The holidays are certainly known as a time for excitement especially, while preparing for all the upcoming activities, meals, and decorating. If you’re a pet owner, you also need to keep in mind just how festive plants, lighting or other changes around your house can affect your pet’s safety. Listed below are some tips that’ll keep your pets safe from harm this holiday season.
1. Electrical Cords
Generally, holiday lights and decorations mean cords scattered about the house. Pets are certain to be tempted to play and chew. It may be a good idea to unplug cords when you’re away to minimize the risk of electrocution.
2. Keeping Food Out of Reach
Oh, how we love to eat all those delicious foods and desserts. Let’s not forget the festive drinks as well. It’s important to remember, there are a host of delicacies dogs and cats shouldn’t eat because it could make them sick. When you’re clearing the table and counter, try to wrap and store items quickly and take out the trash. Our pets are tempted easily and if it smells enticing, they’ll do anything to get to it.
3. Ditch the Candles
Candles lit about the house are charming and festive. They can be dangerous when left unattended around pets because of their playfulness and curiosity. You might want to consider opting for battery-lit candles instead to help keep everyone safe during the holidays.
4. Holiday Plants
Plants such as mistletoe, holly, and poinsettias could cause your dog or cat to have cardiovascular or gastrointestinal issues if ingested. It’s best to avoid the temptation, then ending up losing a pet or paying a very high vet bill if an incident occurs.
5. Updating Vaccinations and IDs
It’s a good idea to ensure your pet’s vaccines are up-to-date, especially if you’re planning to travel. You should also ensure their identification tags include your current home address and contact information. This can be helpful in case they accidentally get loose or slip out the door as guests come to and from your home.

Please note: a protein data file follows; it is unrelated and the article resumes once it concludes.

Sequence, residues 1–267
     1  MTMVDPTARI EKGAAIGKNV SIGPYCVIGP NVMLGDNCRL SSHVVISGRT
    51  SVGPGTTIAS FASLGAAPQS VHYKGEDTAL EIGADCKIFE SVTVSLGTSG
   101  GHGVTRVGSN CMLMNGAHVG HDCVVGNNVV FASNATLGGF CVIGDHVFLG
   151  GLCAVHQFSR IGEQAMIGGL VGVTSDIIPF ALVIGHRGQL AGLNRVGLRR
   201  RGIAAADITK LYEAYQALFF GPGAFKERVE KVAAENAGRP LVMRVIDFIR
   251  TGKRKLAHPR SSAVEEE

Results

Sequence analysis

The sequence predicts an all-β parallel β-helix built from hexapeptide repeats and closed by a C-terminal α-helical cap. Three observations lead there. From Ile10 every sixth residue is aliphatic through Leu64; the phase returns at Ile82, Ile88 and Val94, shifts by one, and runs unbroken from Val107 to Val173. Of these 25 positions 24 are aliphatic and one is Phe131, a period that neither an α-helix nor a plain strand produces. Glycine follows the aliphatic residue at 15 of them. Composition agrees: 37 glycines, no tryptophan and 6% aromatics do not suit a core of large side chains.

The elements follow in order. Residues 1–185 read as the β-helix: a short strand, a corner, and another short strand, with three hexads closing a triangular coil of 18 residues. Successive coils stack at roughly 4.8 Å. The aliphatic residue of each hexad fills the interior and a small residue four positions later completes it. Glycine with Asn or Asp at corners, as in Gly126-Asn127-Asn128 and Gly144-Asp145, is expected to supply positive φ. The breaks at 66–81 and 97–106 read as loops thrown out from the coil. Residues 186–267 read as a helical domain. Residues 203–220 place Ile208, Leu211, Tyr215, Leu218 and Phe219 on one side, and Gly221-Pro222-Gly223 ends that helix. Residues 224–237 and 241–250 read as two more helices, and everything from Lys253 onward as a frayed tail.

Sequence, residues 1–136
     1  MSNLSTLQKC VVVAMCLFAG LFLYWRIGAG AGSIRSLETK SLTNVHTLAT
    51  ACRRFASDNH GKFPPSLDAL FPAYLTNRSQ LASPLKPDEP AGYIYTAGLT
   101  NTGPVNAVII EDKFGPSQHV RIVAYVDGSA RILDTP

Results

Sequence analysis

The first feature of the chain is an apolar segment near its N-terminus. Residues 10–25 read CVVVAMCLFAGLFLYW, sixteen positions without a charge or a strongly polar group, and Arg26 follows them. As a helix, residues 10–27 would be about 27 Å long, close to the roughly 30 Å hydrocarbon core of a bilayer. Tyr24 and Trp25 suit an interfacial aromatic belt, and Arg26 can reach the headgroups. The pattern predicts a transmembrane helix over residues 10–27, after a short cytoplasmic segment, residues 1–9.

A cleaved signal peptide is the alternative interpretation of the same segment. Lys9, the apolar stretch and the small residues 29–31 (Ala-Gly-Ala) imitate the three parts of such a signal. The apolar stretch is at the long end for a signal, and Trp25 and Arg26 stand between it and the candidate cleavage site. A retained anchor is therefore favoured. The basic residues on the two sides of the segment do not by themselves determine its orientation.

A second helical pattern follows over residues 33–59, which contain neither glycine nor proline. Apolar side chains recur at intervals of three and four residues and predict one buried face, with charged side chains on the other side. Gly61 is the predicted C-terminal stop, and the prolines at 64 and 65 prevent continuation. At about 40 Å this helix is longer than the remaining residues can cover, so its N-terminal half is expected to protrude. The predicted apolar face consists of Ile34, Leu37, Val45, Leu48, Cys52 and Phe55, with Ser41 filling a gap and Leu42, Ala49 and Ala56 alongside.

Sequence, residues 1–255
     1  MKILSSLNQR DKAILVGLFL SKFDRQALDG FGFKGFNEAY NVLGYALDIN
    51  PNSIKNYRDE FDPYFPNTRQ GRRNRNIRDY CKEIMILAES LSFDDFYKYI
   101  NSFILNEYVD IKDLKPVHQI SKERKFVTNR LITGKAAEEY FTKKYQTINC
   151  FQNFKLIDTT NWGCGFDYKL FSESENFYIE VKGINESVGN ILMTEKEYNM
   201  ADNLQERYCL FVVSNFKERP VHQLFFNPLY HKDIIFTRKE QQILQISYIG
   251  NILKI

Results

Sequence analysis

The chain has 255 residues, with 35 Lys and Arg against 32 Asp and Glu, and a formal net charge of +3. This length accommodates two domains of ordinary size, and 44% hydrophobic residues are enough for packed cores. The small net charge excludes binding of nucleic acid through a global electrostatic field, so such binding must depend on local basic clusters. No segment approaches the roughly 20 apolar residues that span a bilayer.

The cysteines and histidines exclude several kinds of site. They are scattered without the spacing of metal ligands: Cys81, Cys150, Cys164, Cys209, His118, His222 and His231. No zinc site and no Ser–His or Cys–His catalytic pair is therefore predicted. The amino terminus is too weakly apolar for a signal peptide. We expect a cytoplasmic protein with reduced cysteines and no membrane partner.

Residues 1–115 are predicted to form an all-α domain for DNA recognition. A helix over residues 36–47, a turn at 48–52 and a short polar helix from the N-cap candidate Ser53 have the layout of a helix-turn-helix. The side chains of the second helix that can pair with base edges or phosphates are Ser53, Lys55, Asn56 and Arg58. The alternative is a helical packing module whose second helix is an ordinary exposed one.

6. Creating a Safe Space
Consider creating a specific area or room where pets can go to escape from the hustle and bustle of visiting guests. Too much commotion can be overwhelming and stressful especially when overly-rambunctious children are around.
7. Decorate With Safety in Mind
Holiday trees and other decorations can be a safety hazard to your pets. Cats and dogs may be interested in dangling decorations and lights on holiday trees and could accidentally knock the tree over from playfulness. Avoid stringing lights and decorations on low-hanging tree branches, or anywhere else within your pet’s reach, to help deter chewing and strangulation. Avoid tinsel, as it could cause an intestinal blockage if ingested.
8. Keep Emergency Numbers Handy
Being prepared if the unexpected happens is important. Keep contact information for your veterinarian, a 24-hour pet hospital, and the Animal Poison Control Center (888-426-4435) easily accessible in case of an emergency. It’s better to take extra precautions than to be sorry later.
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